Most of us look through photo albums of childhood at some point about ten years after the childhood period. There is a general acceptance of life and existence at this point and it is pure curiosity in which we look upon ourselves before we became older. The funny thing is I can never seem to recall those precious moments taken. I don't recall the small tricycle with the large and out-of-proportion red wheel. I don't recall owning a hat with a red fuzz ball at the end either. I do remember dreaming of wearing an orange life vest that was far too large for me; riding in a ship of some kind with a yellow tent material covering a metal skeleton. I remember that in that dream I saw my grandmother and my parents. I remember feeling seasick and running out of the orange canopy and into the salty sea breeze. Apparently it never happened. We couldn't yet afford to take vacations when I was six, the age I am convinced I was in that dream.

I also have a more fuzzy memory that "actually" happened. I simply remember a playground with tires stacked in the many pyramids, a very tall balance beam, and bright red monkey bars. I also remember a girl with blond curly hair and bright blue eyes. Apparently, she was my first "girl friend" to the other children though I don't think any of us at that time understood all the implications of love. Even today love is a mystery to me. I liked to tell tales of me being slightly older and the big brother of this girl. When I looked back I often attributed to my "tactics" of protection to Batman, though I probably wasn't thinking about heroes or role models back then either. Perhaps becoming friends with someone who seemed lonely and a slight outcast like myself was only human and natural. I never did find what happened to her because I can't for the life of me remember her name.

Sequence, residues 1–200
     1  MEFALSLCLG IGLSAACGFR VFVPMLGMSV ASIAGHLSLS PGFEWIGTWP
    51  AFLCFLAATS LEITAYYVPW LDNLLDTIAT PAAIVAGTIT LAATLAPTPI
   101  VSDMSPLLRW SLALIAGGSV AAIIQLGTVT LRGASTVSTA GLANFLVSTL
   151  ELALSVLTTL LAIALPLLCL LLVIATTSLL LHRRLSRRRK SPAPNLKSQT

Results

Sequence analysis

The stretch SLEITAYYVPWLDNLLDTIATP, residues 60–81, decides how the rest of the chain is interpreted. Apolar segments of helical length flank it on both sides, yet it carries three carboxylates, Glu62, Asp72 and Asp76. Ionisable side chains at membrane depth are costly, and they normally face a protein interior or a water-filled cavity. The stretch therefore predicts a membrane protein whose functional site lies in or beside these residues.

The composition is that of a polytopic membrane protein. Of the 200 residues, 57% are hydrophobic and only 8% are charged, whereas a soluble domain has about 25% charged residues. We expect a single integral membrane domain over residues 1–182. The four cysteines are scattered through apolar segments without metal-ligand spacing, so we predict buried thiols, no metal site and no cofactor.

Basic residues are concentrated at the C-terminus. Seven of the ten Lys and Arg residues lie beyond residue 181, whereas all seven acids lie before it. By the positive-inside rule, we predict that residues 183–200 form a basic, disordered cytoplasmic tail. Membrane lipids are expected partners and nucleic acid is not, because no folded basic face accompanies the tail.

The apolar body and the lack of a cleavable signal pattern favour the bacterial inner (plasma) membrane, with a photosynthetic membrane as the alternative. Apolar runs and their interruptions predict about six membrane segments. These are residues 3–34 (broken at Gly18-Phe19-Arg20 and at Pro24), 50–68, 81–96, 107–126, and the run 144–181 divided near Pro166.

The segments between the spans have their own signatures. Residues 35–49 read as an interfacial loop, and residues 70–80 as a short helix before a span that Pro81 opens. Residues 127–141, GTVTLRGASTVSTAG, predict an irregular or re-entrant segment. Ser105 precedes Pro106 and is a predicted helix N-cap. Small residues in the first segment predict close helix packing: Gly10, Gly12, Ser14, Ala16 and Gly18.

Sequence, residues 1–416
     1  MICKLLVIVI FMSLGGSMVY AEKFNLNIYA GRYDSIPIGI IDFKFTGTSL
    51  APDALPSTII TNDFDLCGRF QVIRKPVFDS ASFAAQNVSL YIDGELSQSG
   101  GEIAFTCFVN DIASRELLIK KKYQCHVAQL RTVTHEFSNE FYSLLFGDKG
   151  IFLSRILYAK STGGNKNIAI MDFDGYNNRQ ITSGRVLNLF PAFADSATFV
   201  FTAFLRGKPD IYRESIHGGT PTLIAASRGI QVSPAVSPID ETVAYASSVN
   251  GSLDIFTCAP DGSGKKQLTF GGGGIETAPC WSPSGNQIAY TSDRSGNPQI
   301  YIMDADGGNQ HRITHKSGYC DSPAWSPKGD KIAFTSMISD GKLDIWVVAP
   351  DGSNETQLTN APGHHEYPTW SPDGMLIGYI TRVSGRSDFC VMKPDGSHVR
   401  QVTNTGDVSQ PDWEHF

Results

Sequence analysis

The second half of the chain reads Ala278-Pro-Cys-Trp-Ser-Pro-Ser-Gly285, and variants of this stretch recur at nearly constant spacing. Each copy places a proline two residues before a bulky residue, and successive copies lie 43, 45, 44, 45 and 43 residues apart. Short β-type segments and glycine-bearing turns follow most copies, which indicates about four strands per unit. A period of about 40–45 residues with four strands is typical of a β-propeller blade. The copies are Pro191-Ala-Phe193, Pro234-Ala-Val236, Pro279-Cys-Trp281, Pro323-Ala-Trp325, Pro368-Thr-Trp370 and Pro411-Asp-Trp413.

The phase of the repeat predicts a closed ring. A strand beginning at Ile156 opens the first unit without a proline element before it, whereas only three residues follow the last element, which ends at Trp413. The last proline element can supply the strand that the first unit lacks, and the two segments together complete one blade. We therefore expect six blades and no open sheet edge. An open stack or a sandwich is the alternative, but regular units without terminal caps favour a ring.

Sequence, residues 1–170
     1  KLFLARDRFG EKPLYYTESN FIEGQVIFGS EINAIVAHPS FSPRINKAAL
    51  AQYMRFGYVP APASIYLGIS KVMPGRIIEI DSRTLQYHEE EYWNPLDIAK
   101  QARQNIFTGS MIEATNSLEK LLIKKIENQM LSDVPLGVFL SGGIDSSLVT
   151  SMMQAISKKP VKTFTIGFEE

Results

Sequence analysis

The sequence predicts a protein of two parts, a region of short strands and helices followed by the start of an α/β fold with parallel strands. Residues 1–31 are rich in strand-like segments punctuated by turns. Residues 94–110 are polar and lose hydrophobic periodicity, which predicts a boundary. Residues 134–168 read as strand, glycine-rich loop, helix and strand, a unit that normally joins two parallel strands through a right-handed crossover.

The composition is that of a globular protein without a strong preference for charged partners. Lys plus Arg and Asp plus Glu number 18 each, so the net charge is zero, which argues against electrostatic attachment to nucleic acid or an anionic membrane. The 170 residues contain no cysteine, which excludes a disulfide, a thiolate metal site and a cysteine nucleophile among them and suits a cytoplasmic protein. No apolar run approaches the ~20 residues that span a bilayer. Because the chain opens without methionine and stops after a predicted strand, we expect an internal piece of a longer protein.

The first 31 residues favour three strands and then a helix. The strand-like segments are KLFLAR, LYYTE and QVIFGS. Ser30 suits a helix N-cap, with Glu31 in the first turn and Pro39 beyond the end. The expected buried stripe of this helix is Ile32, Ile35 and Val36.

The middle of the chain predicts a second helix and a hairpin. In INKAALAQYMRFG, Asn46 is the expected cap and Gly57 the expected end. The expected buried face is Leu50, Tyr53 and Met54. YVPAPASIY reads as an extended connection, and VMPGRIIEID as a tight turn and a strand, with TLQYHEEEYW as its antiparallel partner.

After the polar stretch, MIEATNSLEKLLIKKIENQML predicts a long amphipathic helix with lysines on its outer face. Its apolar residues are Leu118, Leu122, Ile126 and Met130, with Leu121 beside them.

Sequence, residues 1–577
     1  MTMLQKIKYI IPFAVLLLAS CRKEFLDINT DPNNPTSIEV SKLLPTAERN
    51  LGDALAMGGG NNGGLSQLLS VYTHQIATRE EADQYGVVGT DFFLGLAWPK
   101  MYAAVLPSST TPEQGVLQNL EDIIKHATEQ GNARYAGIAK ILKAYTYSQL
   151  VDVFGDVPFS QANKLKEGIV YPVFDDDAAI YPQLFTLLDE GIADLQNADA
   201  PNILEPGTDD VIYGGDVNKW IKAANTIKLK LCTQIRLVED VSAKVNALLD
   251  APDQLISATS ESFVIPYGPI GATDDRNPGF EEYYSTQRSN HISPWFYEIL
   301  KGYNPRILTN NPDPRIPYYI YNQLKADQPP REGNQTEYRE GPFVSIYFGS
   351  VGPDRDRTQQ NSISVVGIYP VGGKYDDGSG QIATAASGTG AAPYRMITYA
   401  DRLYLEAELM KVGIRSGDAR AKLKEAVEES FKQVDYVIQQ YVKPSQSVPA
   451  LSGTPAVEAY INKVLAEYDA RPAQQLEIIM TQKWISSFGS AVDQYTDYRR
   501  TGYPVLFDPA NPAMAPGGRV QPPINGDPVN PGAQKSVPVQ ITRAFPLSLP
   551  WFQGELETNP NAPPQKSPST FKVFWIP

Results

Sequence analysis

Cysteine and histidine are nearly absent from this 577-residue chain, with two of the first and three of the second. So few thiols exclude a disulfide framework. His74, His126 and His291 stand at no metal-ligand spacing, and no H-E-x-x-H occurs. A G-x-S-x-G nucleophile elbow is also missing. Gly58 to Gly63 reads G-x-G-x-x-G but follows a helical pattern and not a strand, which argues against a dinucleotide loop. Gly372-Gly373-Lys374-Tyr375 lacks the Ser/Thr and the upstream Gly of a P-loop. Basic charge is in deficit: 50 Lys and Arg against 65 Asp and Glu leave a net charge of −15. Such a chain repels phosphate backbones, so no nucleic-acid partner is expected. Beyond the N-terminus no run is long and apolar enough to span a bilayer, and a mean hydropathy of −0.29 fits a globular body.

Beyond those two memories there are other minor ones. There was the time that I developed a very bad habit of excreting liquid waste in my pants when nervous. There was the time that I befriended a fellow student who was know to be "gay" but in actuality probably more troubled. There was the time I tripped and fell on air only to gain a very fine and bloody scrape on the gravel. There was the time when I lied and got caught. But those aren't the only ones. I had happy memories as well. I remember seeing Niagara Falls and yelling to make myself heard. I remember looking down into the grand canyon from a lip and being very careful not to get too close to the edge despite the fact that railing had been installed on the edge. I remember seeing the tallest waterfall somewhere and playing with the moisture that was expelled from the collision of water on water.